This article focuses on one university literacy camp for kindergarten through sixth grade students that shifted from traditional in-person instruction to a virtual setting during the COVID-19 pandemic. The change from an in-person camp to a virtual camp setting created an opportunity for research in investigating students’ attitudes towards literacy, literacy learning, and participation within the newly formatted virtual literacy camp. Twenty-six kindergarten through sixth grade students were interviewed at the beginning and conclusion of a semester-long literacy camp regarding their attitudes toward learning and participation in the literacy camp. Throughout the data, researchers noted the theme of relationships as being prevalent with many participants sharing thoughts specifically in light of the lack of outside interaction during this more isolated era of time. The relationships built between the tutors and the students in this virtual camp were vital to the attitudes and the learning of these study participants. This study provides further direction for supporting students in a virtual literacy clinic setting.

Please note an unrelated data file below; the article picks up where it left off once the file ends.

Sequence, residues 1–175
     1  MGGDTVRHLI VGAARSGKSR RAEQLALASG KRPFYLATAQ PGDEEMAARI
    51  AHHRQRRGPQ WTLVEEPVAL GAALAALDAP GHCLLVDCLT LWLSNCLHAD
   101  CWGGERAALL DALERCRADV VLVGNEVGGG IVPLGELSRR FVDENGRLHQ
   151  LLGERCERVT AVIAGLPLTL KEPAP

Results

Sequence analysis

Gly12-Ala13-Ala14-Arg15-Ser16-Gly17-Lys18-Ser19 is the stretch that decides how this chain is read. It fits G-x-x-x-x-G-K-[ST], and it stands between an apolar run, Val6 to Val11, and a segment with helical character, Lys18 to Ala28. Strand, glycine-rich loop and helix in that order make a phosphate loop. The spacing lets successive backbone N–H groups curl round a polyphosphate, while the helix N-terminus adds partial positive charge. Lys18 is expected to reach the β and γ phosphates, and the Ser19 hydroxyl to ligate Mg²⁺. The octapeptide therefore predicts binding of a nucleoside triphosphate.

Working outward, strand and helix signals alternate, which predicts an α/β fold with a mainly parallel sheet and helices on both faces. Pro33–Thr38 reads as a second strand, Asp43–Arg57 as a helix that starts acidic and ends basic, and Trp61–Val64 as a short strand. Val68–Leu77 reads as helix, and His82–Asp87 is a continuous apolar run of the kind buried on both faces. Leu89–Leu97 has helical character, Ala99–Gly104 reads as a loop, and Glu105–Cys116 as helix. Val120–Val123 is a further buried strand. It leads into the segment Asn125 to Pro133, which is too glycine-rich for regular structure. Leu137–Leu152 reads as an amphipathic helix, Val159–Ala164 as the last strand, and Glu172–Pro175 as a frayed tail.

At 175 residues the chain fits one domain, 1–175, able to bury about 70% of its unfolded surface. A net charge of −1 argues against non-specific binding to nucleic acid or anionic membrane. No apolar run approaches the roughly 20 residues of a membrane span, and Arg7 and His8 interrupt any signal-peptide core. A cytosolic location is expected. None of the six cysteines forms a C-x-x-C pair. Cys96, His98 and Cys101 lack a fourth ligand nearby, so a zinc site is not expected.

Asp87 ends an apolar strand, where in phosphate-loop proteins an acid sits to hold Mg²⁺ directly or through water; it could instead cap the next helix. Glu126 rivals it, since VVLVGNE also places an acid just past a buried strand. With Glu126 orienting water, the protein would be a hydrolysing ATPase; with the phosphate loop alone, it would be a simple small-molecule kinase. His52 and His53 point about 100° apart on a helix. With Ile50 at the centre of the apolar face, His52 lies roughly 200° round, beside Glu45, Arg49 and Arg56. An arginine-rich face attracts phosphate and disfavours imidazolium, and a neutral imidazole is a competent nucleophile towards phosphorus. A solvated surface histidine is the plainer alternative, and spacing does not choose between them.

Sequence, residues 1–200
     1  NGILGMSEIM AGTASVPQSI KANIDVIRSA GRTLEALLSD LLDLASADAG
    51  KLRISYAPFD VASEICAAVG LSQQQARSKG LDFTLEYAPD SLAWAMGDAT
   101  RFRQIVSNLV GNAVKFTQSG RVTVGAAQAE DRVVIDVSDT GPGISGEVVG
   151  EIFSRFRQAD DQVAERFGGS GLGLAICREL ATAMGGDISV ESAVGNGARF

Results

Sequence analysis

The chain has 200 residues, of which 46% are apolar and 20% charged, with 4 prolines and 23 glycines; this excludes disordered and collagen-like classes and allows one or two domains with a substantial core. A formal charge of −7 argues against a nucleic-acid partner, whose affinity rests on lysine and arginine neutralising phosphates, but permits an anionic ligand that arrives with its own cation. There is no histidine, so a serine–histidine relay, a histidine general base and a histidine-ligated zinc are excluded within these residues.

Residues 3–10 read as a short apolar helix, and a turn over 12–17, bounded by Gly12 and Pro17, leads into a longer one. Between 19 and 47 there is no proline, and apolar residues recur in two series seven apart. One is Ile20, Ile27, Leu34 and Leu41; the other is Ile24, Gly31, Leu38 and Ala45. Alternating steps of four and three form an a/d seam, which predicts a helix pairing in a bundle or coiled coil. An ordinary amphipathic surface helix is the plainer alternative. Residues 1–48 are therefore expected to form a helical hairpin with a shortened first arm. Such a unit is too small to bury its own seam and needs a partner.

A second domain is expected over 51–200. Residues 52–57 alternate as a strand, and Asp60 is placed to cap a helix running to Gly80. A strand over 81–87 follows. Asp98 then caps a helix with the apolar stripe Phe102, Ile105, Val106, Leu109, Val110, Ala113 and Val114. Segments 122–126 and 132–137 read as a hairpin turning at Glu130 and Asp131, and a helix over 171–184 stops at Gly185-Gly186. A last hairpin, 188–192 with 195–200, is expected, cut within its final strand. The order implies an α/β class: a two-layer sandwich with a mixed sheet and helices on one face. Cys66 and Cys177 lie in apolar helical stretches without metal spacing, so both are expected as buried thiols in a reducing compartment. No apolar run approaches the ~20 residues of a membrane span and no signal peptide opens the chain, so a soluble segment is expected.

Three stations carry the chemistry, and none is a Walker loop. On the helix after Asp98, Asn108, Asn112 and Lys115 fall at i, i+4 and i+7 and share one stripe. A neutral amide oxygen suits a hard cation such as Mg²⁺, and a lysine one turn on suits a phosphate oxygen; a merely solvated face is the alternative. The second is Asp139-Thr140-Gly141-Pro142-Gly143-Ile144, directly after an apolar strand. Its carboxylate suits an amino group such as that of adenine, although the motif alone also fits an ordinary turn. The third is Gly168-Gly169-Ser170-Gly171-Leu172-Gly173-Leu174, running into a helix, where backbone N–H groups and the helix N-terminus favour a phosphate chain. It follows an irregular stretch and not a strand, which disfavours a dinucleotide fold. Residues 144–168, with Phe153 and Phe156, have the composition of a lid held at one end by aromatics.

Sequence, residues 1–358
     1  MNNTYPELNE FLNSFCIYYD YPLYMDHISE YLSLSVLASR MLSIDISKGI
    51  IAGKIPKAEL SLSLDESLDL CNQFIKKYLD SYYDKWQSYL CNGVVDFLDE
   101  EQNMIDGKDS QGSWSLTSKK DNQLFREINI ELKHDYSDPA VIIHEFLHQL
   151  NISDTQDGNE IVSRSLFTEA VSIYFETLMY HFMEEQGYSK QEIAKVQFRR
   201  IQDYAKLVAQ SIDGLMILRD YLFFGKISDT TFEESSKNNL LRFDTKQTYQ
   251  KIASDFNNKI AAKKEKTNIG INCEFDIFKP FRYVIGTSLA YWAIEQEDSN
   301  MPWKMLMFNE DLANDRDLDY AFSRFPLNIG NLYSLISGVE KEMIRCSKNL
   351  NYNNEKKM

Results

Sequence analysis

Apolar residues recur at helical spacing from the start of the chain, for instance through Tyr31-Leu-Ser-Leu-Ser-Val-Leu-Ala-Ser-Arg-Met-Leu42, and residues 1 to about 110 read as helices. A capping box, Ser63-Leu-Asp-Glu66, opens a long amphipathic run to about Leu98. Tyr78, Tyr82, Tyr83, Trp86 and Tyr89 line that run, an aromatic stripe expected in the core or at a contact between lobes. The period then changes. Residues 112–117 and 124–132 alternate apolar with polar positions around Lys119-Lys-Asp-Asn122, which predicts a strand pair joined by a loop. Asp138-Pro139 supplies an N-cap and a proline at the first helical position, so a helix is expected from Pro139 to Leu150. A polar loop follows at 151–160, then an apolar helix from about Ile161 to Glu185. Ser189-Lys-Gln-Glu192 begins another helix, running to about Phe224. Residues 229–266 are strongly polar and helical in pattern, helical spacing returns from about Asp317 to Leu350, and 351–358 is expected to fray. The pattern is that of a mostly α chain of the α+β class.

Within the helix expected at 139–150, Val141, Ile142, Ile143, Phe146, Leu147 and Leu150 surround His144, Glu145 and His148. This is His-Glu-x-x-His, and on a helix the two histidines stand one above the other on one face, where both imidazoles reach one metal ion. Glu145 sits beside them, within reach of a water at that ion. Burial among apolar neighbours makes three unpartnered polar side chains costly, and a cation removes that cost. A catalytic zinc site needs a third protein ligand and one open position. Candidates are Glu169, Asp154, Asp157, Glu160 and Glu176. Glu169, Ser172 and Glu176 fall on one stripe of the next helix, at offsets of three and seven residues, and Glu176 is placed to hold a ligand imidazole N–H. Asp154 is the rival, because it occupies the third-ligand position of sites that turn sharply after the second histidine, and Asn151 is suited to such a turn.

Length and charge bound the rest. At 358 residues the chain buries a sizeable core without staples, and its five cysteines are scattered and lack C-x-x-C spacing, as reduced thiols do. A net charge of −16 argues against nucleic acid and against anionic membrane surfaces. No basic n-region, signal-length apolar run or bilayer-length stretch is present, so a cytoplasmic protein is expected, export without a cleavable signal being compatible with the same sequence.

Creative Commons License

Creative Commons Attribution-Noncommercial 4.0 License
This work is licensed under a Creative Commons Attribution-Noncommercial-Share Alike 4.0 License.